Developed by Ivan Zanotti, this so-called “Pixelated Nightmare” was a viral hit back when it was first released, impressing legions of screaming YouTubers as well as gaming journalists who praised the title’s minimalist scares. The praise was well deserved, as IMSCARED manages to turn your own computer against you in order to tell an ambiguous yarn about a haunted game.

From fake blue-screens-of-death to installing mysterious files onto your hard-drive, there’s a reason why this title is often considered a gamified form of malware. And while other games have also tried their hand at some of these tricks over the years, you just can’t beat the original.

3. Pony Island (2016)

Like all the best meta-fiction, Daniel Mullins’ Pony Island contains several layers of co-existing narrative. Here, players take control of an unnamed gamer who encounters the titular arcade cabinet and discovers that it has been corrupted by the devil himself. Fortunately, the soul of a previously trapped player attempts to help you hack the game and save yourself from Satan’s digitized grasp.

Clearly inspired by urban legends like the infamous Polybius, Pony Island switches between arcade gameplay and the cabinet’s corrupted programming as you embark on a reality-shifting experience. Personally, I think the creepiest part is the inclusion of fake error screens and steam messages meant to convince you that the game is corrupting your real-world computer.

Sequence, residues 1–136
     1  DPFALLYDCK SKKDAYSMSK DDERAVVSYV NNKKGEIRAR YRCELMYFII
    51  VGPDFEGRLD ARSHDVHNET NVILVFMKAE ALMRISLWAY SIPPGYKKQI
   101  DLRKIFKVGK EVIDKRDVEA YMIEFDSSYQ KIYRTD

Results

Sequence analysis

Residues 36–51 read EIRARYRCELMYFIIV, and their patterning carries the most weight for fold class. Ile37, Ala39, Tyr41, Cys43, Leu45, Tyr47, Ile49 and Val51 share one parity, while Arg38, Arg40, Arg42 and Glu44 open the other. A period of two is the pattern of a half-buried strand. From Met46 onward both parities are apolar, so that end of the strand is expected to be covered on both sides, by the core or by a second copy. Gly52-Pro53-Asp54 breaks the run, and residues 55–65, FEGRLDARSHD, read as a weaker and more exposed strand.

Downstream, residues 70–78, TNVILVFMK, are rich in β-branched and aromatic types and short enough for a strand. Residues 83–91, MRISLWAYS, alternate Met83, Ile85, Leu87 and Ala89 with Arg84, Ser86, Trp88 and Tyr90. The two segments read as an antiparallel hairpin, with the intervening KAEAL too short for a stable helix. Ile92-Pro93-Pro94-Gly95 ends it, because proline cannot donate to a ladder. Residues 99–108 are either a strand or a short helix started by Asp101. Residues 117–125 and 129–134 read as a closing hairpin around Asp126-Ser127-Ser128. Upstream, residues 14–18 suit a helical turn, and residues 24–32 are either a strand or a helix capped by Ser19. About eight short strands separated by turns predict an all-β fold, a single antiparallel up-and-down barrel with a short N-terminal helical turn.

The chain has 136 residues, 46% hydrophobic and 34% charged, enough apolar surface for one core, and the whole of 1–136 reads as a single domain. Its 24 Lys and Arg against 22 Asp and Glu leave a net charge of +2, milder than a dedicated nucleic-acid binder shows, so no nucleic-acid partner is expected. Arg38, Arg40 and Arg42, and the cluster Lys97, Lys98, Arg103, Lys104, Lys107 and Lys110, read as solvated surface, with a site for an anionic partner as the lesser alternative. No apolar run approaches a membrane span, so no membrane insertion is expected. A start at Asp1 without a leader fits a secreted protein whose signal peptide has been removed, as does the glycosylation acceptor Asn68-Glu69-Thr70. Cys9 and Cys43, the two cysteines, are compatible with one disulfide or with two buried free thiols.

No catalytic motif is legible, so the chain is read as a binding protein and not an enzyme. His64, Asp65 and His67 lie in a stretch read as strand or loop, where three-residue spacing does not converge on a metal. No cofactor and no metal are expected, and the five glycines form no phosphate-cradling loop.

2. Inscryption (2021)

Another Daniel Mullins game, Inscryption ticked quite a few boxes for me personally. A rogue-like deck-building game with a spooky aesthetic and live-action found footage elements? Sign me the hell up! And while the title is extremely engaging as a randomized card game (so much so that the developers went on to include an endless mode that ignored the story), it’s the meta-fictional angle that really makes it stand out.

From your cards literally begging you not to be sacrificed to being forced to delete personal files in your computer or videogame console in order to gain a bonus (the older and more sentimental the better), Inscryption will get under your skin even if you’re not a fan of digital card games.

Just remember not to trust the Stoat…

1. Prey (2017)

Full of trippy imagery and plenty of ruminations on the fickle nature of simulacra and simulation (especially when you consider that the entire game is about shapeshifting entities disguising themselves as inanimate objects), it makes sense that Arkane’s incredibly underrated Prey makes it onto this list. However, if you’ve never played the game before, I’d advise against reading the next spoiler-filled paragraph…

The real reason I think Prey is a great example of meta-horror storytelling is its shocking twist ending, as the finale reveals that you’ve been diagetically playing a horrific simulation the entire time, with the player character actually being one of the shapeshifting aliens who only thinks that it’s really the protagonist. If that doesn’t just scream meta-horror, I don’t know what does!